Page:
While a good bulk of our utility costs each year go to air conditioning during the long, humid days of summer in Louisiana, we’re not off the hook in the winter. Cold days lie ahead of us, and heating can melt away your finances before you know it if you’re not careful.
Ever wonder how much that noisy old furnace is costing you? Check out this infographic to figure it out!
Let’s be honest, we Southerners are hot house creatures: we pull out the coats and gloves as soon as the temperature drops to 70 degrees. It doesn’t pay, then, to put off preparing your furnace for the cold weather.
It seems like only yesterday that we were bemoaning the bitter cold of our last winter season in New Orleans. Would it ever end? We were even looking forward to hot summer days spent grilling out and soaking in some rays.
Summer lasts a little longer here in the Crescent City, and that means our HVAC units get a little more wear and tear each year.
If you live in southern Louisiana, there’s no doubt that you need a standby generator. Between an aging power grid and a steady onslaught of extreme weather events from floods to hurricanes, power outages are a fact of life.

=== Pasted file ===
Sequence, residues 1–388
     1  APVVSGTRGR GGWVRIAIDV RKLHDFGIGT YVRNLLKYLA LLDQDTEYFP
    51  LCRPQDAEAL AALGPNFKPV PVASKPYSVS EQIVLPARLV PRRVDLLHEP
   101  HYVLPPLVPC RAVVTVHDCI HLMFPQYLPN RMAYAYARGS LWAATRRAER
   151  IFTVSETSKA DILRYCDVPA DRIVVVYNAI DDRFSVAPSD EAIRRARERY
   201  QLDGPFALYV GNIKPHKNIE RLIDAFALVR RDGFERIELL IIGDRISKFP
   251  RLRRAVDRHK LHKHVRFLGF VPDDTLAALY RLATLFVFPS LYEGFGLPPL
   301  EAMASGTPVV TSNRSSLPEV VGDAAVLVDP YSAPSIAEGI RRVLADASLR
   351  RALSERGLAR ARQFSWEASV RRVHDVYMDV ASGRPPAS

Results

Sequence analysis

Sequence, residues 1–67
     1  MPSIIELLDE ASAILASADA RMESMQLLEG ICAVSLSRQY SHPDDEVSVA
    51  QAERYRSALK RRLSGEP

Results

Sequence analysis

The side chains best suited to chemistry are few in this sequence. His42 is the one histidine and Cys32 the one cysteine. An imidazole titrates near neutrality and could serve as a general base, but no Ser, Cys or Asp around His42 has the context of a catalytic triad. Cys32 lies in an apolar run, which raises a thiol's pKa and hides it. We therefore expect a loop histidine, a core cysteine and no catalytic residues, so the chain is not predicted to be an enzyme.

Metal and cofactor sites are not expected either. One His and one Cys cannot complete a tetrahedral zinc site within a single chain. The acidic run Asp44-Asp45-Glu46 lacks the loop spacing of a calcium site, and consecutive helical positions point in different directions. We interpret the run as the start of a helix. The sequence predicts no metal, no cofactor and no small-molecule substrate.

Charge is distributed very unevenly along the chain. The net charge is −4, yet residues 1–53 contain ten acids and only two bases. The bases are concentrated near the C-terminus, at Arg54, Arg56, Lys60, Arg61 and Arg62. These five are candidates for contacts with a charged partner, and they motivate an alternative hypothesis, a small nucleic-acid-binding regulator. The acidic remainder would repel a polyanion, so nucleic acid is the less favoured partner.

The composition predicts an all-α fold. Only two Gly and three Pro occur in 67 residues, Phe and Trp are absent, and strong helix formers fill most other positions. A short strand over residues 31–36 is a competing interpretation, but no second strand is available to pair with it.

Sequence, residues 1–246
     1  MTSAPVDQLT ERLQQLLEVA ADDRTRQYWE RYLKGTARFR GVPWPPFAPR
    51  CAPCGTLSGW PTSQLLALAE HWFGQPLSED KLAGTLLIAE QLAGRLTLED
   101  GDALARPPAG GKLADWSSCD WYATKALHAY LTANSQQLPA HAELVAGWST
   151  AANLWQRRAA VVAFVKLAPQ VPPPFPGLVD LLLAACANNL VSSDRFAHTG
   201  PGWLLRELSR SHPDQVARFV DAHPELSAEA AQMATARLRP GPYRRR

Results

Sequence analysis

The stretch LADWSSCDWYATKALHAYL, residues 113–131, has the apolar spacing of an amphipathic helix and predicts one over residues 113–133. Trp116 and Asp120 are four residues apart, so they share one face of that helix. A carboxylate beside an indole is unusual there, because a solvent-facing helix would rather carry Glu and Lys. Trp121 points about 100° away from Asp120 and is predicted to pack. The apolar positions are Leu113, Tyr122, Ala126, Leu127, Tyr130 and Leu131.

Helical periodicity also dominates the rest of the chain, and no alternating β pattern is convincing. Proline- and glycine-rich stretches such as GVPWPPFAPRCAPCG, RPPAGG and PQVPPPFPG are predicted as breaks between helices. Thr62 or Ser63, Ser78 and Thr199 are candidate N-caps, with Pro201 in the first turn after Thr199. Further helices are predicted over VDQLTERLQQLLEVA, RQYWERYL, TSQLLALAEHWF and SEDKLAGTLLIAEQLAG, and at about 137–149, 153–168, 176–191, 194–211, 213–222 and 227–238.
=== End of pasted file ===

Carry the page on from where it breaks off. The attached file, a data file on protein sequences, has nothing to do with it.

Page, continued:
America received a D+ on its 2013 Report Card for America’s Infrastructure.
High humidity is a fact of life during a New Orleans summer. You can’t go outside without feeling the sauna-like blast of heat and moisture that greets you. The old joke “Yes, but it’s a dry heat” has considerable merit. Higher humidity equals more discomfort almost without exception.
If you’ve noticed that your utility bills keep climbing through the summer, you may want to take a look at how you use your air conditioner’s thermostat. Sure, it’s hot. That doesn’t necessarily mean you have to keep the AC cranked up all day.
Fran’s New Orleans home has been in her family for a long time, and she loves its historic charm. She doesn’t love the ancient heating and cooling though. Ceiling fans and window units struggle to cool the spacious rooms during the summer months, and they don’t do much for humidity. Old gas furnaces crank out a dry heat during the winter, and it costs a pretty penny to keep the rooms toasty.